For storing, I use ice cube trays. I line them with plastic wrap first because it's hard to get them out o/w. I then put them in a zip-lock and freeze them for several months.
 
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:bounce: Final hour of reduction of my espagnole and veal stock. Wow, to all those that make stock/demi glace, my hat's off to you. Man what a time consuming process:( . All that skimming, reduction, straining etc.....But you know what, it's quite an interesting and well worth it process. Considering that one starts with 8 lbs of pounds, 6 liters of water, and the end result is 1 liter of final product. But my kitchen is filled an awesome aroma right now :cool:

thanks for the ice cube trick. I made chicken stock before and I was wondering how to remove the ice cubes. :confused: :mad: Now I know. :D
 
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I like to use 12 lbs of bones myself and I use 2 stockpots. If I'm going to go through the trouble, I'm going to make LOTS!

BTW, you mentioned Espagnole. THis raises an interesting question. We are taught to use espagnole in school but I never do. THe restaurants where I have worked also concur with me on this. Anyone else have a comment about this?

Keep in mind that espagnole contains flour and flour does not freeze well.

I just strain my veal stock, then reduce it right down until it's really thick and hardens at room temp. Be careful not to overreduce as you risk burning it (you won't know you're burning it as it doesn't show right away) thus imparting a very bitter flavour.
 
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well I was taught that the formula for demi glace was 50% brown stock and 50% brown sauce ( Espagnole) reduced by half. Regarding glace de veau/viande, it was just the stock, reduced from about 15 litres to 1 awesome litre
 
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Question regarding the adding of vegetables to the bones.

I think it is important to brown the bones first, then add the vegetables, then the tomato product (paste--what have you).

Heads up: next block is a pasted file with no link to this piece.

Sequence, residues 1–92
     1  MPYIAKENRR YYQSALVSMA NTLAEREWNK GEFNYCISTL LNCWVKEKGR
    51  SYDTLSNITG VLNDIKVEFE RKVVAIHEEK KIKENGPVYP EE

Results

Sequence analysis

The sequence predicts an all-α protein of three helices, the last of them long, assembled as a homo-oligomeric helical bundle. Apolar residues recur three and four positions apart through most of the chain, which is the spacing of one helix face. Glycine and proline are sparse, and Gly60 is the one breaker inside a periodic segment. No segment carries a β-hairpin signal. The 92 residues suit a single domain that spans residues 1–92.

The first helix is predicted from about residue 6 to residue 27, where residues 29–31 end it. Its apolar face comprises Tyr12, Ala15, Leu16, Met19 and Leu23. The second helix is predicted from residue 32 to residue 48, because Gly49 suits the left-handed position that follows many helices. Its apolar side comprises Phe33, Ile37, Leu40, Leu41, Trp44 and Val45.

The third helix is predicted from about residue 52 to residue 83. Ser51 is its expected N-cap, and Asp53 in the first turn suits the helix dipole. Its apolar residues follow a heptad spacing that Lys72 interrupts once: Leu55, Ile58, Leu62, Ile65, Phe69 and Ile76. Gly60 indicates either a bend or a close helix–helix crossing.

You want to get as much browning action as possible. If you add the vegetables to the bones right away.....the vegetables will caramelize, but the bones will not brown as evenly.

You can get added color from on "Onion Cloute" (not sure on the spelling). Stud a half onion on the flat side with whole cloves.....add a little oil to the surface, and cook on a cast iron skillet, or smoky hot saute pan until the surface is black.
This will add color, and flavor, but will not taste burnt. This is added during the stock making process.

Skimming is an important step. The impurities rise to the top during the simmering action. If you take the round part of a large ladle, and start in the middle and slowly work your way to the outside---you can scoop up the waste around the walls of the stock pot, and this will keep you from scooping up large amounts of good stock with the waste. Work slowly, and skim often.

Good Luck,

Chef Nosko
Boston, MA
 
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Chef Nosko, I think the question regarding the vegetables was when do you add them to the stock pot: at the same time as the roasted bones or a few hours after?
 
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Well theres nothing for me to add here,

The best part of this thread to read was the detailed assistence to Not-Rhonda
Anneke...you are turning into quite the Culinarian. Bravo!!!
cc
 
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Anneke:

My mistake....thank you for the clarification.

I have always added the browned mirpoix to the stock at the same time as the browned bones, and this has worked well.

I checked out a few sources to see if it is done differently.

The Escoffier Cookbook-----browned bones & browned vegetables added at the same time.

Johnson & Wales University----browned vegetables two hours after browned bones in water that has returned to a simmer.

California Culinary Academy----browned bones & browned vegetables added at the same time.

Professional Cooking--Wayne Gisslen---Brown bones first...add to water---bring to a boil, reduce to a simmer. Brown vegetables & tomato product while stock is starting. Add when they are browned. If you desire you can hold back the vegetables & tomato product until 3 to 4 hours before the stock is finished.

As you can see there are several ways to go about it. Which way is the best???? I do not know.

This is not a complete list, but just a few reference books that I have laying around.

In many restaurants additional onions, skins, celery, carrots, leeks, etc are added at various times during the cooking process to help develop flavor, & color.

A stock is done when it has developed the flavor & color that you are looking for. This might take 8 hours one time, and 9-1/2 or 10 hours the next.

Best of luck with your stock making,

Chef Nosko
Boston, MA
 
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I should have said "the browned mirepoix to the stock pot"(in the first sentence not "to the stock").

I do not want to confuse anyone.

Take care,

Chef Nosko
Boston, MA
 
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I suggest that you consult the Time/Life book entitled TERRINES, PATES AND GALANTINES for an excellent treatment on making demi glace and stocks. The procedure is detailed enabling me to succeed in making clear demiglace. Tastes soooo good!
 
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Joined Jun 19, 2001
Thanks to all your inputs, this thread was and is very valuable to me, almost like having all of you in my kitchen over the past 2 days. :chef: